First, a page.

Perovskite Chalcogenides are a new class of semiconductors, which have large chemical and structural tunability that translates to tunable band gap in the visible to infrared part of the electromagnetic spectrum. Besides this band gap tunability, they offer a unique opportunity to realize large density of states semiconductors with high carrier mobility. In this talk, I will discuss some of the experimental advances made both in my research group and in the research community on the theory, synthesis of these materials and understanding their optoelectronic properties.
Perovskite structure is composed of an octahedrally coordinated transition metal or main group element with anions such as oxygen, chalcogen or halogens. The octahedra is typically connected in the corners and the voids are filled by alkali, alkaline or rare earth elements. The valence and the size of the cations and anions can lead to different connectivity of these octahedra, which offers a knob to control both the chemical composition and the dimensionality of these materials. Moreover, the large number of elements in the periodic table can be accommodated in these extended perovskite and related structures, which allows us finer knobs to control the physical and chemical properties, in our case, we tailor light-matter interaction precisely over a broad energy range spanning the visible to infrared spectrum. We leverage this effect in early transition metal based perovskite chalcogenides and related phases to achieve properties such as highly anisotropic absorption and refraction (BaTiS3, Sr1+xTiS3), unconventional band gap evolution (BaZrS3 and Ban+1ZrnS3n+1 for n ≥ 1). Finally, I will provide a general outlook for future studies on these exciting new class of materials.
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2. S. Niu et al. Advanced Materials 29, 1604733 (2017).
3. S. Niu et al. Chemistry of Materials, 30 (15), 4897-4901 (2018).
4. S. Niu et al. Chemistry of Materials, 30 (15), 4882-4886 (2018).
Birefringence is a fundamental property of materials that enables optical components such as wave plates and polarizers, and is quantified by the difference between extraordinary and ordinary refractive indices. Solid homogeneous crystals like calcite and rutile are some of the most birefringent materials at visible and near-infrared wavelengths. However, at longer wavelengths (i.e., mid to far infrared) these materials become highly lossy. In the mid infrared, the most birefringent materials that are transparent are significantly less birefringent than their visible counterparts. While structured materials with strong optical anisotropy exist at these wavelengths (i.e., with form birefringence), their utility is limited by fabrication constraints.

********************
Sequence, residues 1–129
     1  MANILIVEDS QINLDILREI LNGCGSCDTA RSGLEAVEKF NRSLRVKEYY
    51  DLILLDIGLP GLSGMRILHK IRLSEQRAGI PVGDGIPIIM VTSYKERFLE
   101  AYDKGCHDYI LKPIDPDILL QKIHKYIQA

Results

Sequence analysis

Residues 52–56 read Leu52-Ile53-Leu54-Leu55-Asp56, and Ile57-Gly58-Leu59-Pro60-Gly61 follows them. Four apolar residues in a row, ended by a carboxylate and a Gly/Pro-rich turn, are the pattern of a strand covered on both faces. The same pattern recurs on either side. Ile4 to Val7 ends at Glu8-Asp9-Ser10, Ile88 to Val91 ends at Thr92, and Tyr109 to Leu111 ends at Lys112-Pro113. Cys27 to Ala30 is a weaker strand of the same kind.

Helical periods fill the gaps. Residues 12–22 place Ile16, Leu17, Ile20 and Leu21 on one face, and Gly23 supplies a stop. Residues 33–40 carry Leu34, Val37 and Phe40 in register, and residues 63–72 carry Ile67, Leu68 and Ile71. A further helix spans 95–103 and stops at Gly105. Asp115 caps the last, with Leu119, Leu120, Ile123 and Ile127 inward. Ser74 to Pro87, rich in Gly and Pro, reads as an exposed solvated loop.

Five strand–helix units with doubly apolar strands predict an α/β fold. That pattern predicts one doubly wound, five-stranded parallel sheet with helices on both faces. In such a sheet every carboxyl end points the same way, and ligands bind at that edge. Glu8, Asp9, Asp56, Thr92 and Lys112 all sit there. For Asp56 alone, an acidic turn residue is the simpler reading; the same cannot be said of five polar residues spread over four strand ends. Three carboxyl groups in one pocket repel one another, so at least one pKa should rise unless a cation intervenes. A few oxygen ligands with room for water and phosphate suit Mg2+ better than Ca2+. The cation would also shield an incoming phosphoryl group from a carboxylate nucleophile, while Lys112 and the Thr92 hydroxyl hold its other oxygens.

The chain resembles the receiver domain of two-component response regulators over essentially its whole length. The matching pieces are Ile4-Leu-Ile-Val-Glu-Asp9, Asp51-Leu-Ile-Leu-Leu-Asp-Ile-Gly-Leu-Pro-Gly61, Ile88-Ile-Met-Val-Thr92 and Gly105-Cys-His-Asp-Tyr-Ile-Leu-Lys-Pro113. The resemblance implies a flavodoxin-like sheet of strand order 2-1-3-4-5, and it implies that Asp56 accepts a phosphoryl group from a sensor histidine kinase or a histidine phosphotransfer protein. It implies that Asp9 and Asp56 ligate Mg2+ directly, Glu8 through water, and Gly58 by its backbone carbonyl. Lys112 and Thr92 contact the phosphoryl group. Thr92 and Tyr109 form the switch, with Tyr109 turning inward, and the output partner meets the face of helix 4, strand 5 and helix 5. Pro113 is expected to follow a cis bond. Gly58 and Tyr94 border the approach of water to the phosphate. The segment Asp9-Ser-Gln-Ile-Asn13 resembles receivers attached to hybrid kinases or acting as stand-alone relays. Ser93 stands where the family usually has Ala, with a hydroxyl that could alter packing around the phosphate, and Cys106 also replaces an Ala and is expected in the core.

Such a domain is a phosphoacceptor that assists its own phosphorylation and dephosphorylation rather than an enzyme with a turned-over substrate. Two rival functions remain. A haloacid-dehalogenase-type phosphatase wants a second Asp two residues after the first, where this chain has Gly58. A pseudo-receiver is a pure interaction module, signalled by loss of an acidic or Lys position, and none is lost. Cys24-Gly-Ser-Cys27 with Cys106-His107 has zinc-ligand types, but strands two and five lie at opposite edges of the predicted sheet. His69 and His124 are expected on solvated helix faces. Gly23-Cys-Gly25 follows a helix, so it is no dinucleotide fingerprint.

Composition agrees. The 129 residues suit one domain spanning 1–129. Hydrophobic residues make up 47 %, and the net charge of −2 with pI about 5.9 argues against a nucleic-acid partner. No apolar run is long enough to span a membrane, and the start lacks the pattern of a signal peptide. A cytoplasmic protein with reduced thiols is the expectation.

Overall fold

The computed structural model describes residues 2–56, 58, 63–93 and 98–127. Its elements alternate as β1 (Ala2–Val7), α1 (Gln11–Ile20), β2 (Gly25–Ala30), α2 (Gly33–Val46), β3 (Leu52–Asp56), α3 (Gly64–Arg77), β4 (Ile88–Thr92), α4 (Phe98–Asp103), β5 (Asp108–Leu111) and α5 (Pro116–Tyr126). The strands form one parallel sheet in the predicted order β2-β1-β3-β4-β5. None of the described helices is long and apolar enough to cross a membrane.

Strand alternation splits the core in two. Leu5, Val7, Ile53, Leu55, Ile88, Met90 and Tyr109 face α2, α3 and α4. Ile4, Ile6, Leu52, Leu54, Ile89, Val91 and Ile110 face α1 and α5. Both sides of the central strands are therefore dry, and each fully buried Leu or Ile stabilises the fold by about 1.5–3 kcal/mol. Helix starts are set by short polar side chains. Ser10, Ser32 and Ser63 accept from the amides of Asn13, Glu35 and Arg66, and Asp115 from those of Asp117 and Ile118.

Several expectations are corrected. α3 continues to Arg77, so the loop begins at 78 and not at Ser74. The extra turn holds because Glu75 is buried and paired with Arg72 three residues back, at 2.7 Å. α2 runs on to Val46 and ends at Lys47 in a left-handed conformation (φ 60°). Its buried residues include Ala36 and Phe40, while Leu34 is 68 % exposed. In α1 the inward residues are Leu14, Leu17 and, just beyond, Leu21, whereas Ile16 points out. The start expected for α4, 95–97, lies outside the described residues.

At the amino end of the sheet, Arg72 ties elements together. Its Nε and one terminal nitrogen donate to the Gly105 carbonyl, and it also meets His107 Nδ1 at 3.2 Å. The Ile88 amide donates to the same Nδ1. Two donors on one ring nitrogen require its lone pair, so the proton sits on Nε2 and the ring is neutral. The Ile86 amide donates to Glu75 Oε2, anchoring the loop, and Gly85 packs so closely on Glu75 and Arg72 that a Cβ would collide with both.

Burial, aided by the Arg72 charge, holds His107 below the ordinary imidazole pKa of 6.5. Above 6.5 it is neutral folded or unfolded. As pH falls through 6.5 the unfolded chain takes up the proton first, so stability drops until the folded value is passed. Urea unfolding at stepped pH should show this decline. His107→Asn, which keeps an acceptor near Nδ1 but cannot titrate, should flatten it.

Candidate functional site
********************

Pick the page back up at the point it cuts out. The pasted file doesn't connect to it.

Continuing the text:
In the talk, we will report on a rationally designed and synthesized material, barium titanium sulfide (BaTiS3), which has broadband and giant birefringence surpassing that of any known transparent anisotropic crystal throughout the infrared. We will detail our extensive optical characterization to extract the anisotropic complex refractive index spanning the ultraviolet to the mid infrared by combining generalized spectroscopic ellipsometery and polarized reflection and transmission measurements. We report a difference between the ordinary and extraordinary refractive index of up to 0.76 in a mid-infrared region of transparency, more than twice that of rutile in the visible, and show that the unprecedented optical anisotropy extends to the limit of our detection capabilities (16.7 μm). This material also features highly anisotropic Raman scattering, and we are currently working on measuring polarized infrared photoluminescence measurements to provide further insight into the anisotropy of this unique material.
We present a novel nanotube-on-insulator (NOI) approach to produce high-yield nanotube devices based on aligned
single-walled carbon nanotubes. First, we managed to grow aligned nanotube arrays with controlled density on
crystalline, insulating sapphire substrates, which bear analogy to industry-adopted silicon-on-insulator substrates. Based
on the nanotube arrays, we demonstrated registration-free fabrication of both top-gated and polymer-electrolyte-gated
field-effect transistors with minimized parasitic capacitance. In addition, we have successfully developed a way to
transfer these aligned nanotube arrays to flexible substrates. Our approach has great potential for high-density, largescale
integrated systems based on carbon nanotubes for both micro- and flexible electronics.